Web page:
This book is the first of the Charlie Chan mysteries and I was quite excited to read it. I'm a big fan of the Charlie Chan movies and wanted to read the novels that inspired them. I was a bit disappointed with this one for a few reasons. First of all, there is not enough Charlie Chan. As one of my Goodreads friends pointed out to me, Earl Derr Biggers didn't realize that character would be such a sensation. So perhaps subsequent books will have more Charlie Chan. Another thing is that I didn't r ...more
Sep 28, 2012 Tracyk rated it really liked it
Shelves: mystery
I have seen many of the Charlie Chan films, and I have always enjoyed them, but I had not read any of the books. I was pleasantly surprised that I found this first book very enjoyable.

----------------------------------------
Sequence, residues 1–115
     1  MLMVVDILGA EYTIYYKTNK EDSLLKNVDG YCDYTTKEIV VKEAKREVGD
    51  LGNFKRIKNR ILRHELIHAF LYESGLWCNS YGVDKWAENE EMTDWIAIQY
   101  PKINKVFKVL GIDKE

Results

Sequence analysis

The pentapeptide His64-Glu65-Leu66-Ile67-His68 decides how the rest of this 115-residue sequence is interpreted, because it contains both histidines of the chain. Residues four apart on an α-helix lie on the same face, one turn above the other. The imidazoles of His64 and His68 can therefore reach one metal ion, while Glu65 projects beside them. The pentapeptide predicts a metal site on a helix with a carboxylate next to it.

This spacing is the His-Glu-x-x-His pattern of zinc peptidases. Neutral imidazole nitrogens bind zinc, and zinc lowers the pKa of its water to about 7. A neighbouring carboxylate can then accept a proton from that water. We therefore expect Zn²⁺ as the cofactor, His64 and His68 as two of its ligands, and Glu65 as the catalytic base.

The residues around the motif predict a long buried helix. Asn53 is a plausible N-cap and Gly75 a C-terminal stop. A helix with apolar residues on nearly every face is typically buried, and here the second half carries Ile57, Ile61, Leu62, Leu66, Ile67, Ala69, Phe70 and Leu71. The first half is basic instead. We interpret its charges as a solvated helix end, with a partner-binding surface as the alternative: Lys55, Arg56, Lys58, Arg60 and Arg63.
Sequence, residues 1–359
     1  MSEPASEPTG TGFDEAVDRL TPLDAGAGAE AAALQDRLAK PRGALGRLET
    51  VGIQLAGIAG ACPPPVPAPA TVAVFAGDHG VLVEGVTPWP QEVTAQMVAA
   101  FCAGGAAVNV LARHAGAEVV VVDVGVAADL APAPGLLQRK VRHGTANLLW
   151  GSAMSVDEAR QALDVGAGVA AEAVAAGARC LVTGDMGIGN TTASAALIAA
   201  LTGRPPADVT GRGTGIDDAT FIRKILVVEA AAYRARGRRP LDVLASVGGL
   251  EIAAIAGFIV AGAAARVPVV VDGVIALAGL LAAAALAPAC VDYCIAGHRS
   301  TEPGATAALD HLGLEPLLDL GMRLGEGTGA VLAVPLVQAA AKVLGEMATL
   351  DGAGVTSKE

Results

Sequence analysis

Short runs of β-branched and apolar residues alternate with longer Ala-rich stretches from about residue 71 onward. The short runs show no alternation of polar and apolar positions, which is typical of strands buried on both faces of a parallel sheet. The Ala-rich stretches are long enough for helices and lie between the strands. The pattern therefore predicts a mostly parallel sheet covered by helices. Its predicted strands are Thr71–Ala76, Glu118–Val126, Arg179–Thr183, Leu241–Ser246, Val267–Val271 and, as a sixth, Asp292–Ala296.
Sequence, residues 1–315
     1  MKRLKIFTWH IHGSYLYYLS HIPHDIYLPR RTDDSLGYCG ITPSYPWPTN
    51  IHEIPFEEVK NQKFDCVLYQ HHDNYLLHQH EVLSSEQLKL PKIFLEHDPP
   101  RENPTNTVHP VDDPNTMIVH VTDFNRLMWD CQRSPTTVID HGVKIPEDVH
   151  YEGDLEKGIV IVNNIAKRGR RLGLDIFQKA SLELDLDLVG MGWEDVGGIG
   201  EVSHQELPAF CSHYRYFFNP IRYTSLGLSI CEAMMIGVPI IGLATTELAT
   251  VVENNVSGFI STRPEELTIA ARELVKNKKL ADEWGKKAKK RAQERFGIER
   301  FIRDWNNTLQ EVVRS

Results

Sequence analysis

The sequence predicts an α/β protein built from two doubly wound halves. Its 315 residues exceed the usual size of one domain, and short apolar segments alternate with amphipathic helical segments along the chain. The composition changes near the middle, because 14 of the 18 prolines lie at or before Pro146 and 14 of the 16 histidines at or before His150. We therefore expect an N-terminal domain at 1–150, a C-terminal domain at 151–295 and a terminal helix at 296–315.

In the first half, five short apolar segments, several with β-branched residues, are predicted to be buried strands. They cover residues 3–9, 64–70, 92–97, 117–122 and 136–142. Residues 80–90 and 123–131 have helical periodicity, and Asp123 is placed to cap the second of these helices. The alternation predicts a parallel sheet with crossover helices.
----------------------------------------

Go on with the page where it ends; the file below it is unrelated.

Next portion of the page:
The book has a complex plot that held my interest. A family originally from Boston, the Winterslips, has some members living in Hawaii. One of the wealthy Winterslips living in Hawaii is murdered. A younger member of the family, John Quincy Winterslip, has been sent to Boston to check up on his Aunt Minerva and pe
Angela M Sanders
What a fascinating peek into time The House Without a Key is! In the novel, the characters regularly ruminate on how much Hawaii has changed since the glory years of the '80s and '90s--and they weren't talking about the twentieth century, either. The descriptions of Honolulu in the 1920s are enough to warrant a read of the book. The story's characters are strong, if a little predictable, and the mystery takes second seat to the novel's spectacular setting. But all in all, it was a great read.

Jan 28, 2010 Debra rated it really liked it  ·  review of another edition